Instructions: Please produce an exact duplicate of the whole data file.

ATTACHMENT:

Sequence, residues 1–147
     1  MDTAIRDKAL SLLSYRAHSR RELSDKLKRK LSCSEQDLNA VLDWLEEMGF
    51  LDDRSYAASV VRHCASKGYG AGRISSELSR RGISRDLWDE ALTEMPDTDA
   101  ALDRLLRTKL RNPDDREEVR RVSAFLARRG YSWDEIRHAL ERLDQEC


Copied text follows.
Sequence, residues 1–147
     1  MDTAIRDKAL SLLSYRAHSR RELSDKLKRK LSCSEQDLNA VLDWLEEMGF
    51  LDDRSYAASV VRHCASKGYG AGRISSELSR RGISRDLWDE ALTEMPDTDA
   101  ALDRLLRTKL RNPDDREEVR RVSAFLARRG YSWDEIRHAL ERLDQEC